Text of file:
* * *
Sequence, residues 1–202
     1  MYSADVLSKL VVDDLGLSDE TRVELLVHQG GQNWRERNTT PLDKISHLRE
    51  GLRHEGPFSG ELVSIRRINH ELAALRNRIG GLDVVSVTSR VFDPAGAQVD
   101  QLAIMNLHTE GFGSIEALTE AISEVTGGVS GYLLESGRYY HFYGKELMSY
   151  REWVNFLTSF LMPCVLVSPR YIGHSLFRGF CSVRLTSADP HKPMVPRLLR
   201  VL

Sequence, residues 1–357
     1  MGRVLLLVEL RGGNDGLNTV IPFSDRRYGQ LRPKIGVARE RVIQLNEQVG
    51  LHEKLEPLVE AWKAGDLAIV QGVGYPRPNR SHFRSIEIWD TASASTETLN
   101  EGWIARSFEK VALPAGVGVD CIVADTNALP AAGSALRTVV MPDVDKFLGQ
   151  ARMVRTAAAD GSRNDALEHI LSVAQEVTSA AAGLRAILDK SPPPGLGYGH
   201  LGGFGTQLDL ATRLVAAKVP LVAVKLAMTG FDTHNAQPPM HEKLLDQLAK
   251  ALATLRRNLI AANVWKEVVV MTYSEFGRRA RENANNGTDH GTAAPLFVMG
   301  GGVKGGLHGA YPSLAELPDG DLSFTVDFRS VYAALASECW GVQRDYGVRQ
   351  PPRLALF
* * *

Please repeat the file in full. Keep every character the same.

Sequence, residues 1–202
     1  MYSADVLSKL VVDDLGLSDE TRVELLVHQG GQNWRERNTT PLDKISHLRE
    51  GLRHEGPFSG ELVSIRRINH ELAALRNRIG GLDVVSVTSR VFDPAGAQVD
   101  QLAIMNLHTE GFGSIEALTE AISEVTGGVS GYLLESGRYY HFYGKELMSY
   151  REWVNFLTSF LMPCVLVSPR YIGHSLFRGF CSVRLTSADP HKPMVPRLLR
   201  VL

Sequence, residues 1–357
     1  MGRVLLLVEL RGGNDGLNTV IPFSDRRYGQ LRPKIGVARE RVIQLNEQVG
    51  LHEKLEPLVE AWKAGDLAIV QGVGYPRPNR SHFRSIEIWD TASASTETLN
   101  EGWIARSFEK VALPAGVGVD CIVADTNALP AAGSALRTVV MPDVDKFLGQ
   151  ARMVRTAAAD GSRNDALEHI LSVAQEVTSA AAGLRAILDK SPPPGLGYGH
   201  LGGFGTQLDL ATRLVAAKVP LVAVKLAMTG FDTHNAQPPM HEKLLDQLAK
   251  ALATLRRNLI AANVWKEVVV MTYSEFGRRA RENANNGTDH GTAAPLFVMG
   301  GGVKGGLHGA YPSLAELPDG DLSFTVDFRS VYAALASECW GVQRDYGVRQ
   351  PPRLALF